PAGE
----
Schon's complaint against the model of Technical Rationality also mirrors the debate classical rhetoricians had between whether the practice of rhetoric was a science or an art. We see this same conflict in recent times in post-process thinkers who complain that writing process pedagogy and views of writing have become a form of technical rationality. Is rhetoric and composition a science where rhetorical practice is guided by “scientific” rules and generalizable truths that can be applied in any situation? In this case, rhetorical practice becomes a matter of techne. Schon's clear links to the classical view of rhetoric can be seen in his view of reflective practice as involving “artistry”: “It is rather through the non-technical process of framing the problematic situation that we may organize and clarify both the ends to be achieved and the possible means of achieving them” (The Reflective Practitioner 41). If rhetoric is as John Poulakos defines it is “the art which seeks to capture in opportune moments that which is appropriate and attempts to suggest that which is possible,” (26) rhetorical practice “enacts the norms of propriety collaboratively with interested collective others” (Farrell “Practicing” 91). This rhetorical practice, like Schon's view of reflective practice as artistry, aims “to practice judgment (to enact krisis) where certain sorts of problematic materials are concerned (Farrell “Practicing” 81). The classical term for this practical judgment (or wisdom) is phronesis which Farrell refers to as the "practical ideal of the appropriate" (81). Phronesis, Steve Schwarze points out, is crucial to the practice of rhetoric: “the relationship of phronesis and rhetoric emphasizes how rhetor, text, and audience are brought together in the enactment of practical wisdom” (“The role of display in phronesis”). As Kathleen Yancey states after a summary of Schon's views on reflection, “reflection is rhetorical” (12).

Rhetorical reflection, then, relates to invention because as a form of phronesis it seeks to discover what is appropriate within uncertain and particular situations. This quest for the appropriate in writing has been referred to by Wayne Booth as “rhetorical stance”:
Rhetorical stance is] a stance which depends on discovering and maintaining in any writing situation a proper balance among the three elements that are at work in any communicative effort: the available arguments about the subject itself, the interests and peculiarities of the audience, and the voice, the implied character, of the speaker. I should like to suggest that it is this balance, this rhetorical stance, difficult as it is to describe, that is our main goal as teachers of rhetoric. (141)

As Richard Young, Alton Becker and Kenneth Pike state in Rhetoric: Discovery and Change, “invention involves a process of orientation rather than origination” (qtd. in Bawarshi 6). Rhetorical stance is a conceptual metaphor that communicates the spacial sense of orienting toward and aligning the various elements and complexity of the writing situation (or we might say the writing ecology).


Figure 3: Elements of Rhetorical Stance

If we presume that writing is epistemic and a form of inquiry (Odell 1980, Hillocks 1982), then the concerns of invention persist throughout the writing process, not just the “pre-writing” phase of composing. Rhetorical reflection, as a teacher-prompted activity, like invention is a heuristic activity designed to guide a student writers' inquiry into establishing their rhetorical stance. If we see the activity of writing as a goal-directed, problem-solving activity as Flowers and Hayes do, then rhetorical reflection is a discursive space where student writers can define and seek (invent) solutions to problems and felt difficulties they encounter within their process of drafting a paper. It is where students can practice what Dewey defined as “reflective thinking”: “Active, persistent, and careful consideration of any belief or supposed form of knowledge in the light of the grounds that support it, and the further conclusions to which it tends” (6). It is where students get to practice the phronetic art of rhetoric.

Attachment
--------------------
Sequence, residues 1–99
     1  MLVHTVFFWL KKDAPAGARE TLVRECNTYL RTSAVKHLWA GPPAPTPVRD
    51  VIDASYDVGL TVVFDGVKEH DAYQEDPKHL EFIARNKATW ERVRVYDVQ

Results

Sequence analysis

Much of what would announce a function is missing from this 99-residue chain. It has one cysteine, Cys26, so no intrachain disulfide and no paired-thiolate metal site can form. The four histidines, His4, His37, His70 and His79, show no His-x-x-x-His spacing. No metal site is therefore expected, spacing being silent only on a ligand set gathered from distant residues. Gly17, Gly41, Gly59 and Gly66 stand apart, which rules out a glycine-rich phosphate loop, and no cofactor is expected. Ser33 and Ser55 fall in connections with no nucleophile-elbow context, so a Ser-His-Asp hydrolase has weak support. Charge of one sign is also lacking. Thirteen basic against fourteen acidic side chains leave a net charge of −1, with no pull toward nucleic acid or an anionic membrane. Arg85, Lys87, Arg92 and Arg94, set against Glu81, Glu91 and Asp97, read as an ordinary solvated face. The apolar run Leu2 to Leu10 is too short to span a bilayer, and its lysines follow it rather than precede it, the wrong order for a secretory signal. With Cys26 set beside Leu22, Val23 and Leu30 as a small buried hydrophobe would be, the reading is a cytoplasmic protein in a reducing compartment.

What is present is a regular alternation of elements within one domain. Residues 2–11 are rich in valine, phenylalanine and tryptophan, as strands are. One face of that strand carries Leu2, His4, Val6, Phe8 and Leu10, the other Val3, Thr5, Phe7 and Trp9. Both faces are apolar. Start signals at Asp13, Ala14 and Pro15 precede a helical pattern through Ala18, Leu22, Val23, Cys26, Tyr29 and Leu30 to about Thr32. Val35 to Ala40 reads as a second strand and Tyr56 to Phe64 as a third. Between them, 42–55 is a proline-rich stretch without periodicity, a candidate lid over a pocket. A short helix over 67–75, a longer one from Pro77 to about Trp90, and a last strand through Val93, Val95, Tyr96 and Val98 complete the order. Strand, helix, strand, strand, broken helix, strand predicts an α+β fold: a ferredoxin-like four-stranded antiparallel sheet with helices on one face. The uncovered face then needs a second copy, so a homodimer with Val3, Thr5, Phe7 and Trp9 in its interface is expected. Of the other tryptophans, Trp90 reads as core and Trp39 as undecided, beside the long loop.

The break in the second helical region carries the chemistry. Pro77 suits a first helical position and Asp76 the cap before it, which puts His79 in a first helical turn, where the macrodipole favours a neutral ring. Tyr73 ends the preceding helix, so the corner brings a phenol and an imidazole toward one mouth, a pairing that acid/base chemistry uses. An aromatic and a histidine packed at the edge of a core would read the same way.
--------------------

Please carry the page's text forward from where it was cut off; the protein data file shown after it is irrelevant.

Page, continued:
The significance of rhetorical reflection to recent perspectives on pedagogy in Rhetoric and Composition can be seen in recent calls by scholars and teachers to shift the focus of what we teach in Freshman Composition from a narrow “proficiency” in academic writing to a broader “rhetorical sensitivity” that can serve student writers in all instances of writing (Halasek). Donald Bartholomae, a chief proponent of teaching academic writing, imagines a composition that teaches a deeper form of criticism than our current practice: "we can imagine that the goal of writing instruction might be to teach an act of criticism that would enable a writer to interrogate his or her own text in relationship to the problems of writing and the problems of disciplinary knowledge. … as something to be learned in practice, perhaps learned at the point of practice" (17). Joseph Petraglia believes the goal of writing instruction should be the "turn away from developing rhetorical skills and toward development of rhetorical sensibilities" (62). Summing up ideas from Roderick Hart and Don Burks in the field of speech communication, Petraglia states: "the ideal rhetorical training will have at its core the development of sensitivity to the rhetorical possibilities available to students and will provide some guidance as to how they may determine to select among those possibilities" (62). Anis Bawarshi, speaking from a position of the importance of genre in writing, states a similar belief for what our goals should be in 21st century writing classrooms: “The rhetorical art of adaptation or repositioning should become central to our teaching of writing, especially our teaching of invention, which would then become the art of analyzing genres and positioning oneself within them” (156). Finally, Chris Anson in his recent CCC article on assessment cites the results of Elizabeth Wardle's research into transfer to advocate for this same kind of focus for Freshman Composition: “meta-awareness about writing language, and rhetorical strategies in FYC may be the most important ability our courses can cultivate” (qtd. in Anson 124). Rhetorical reflection, as an “effortful, interpretive, and fallible but strategic process” (Flower 268) is one teaching activity we can engage students in that will help them develop this rhetorical sensitivity and practice the art of adapting and repositioning—that is, the art of rhetorical practice.

Works Cited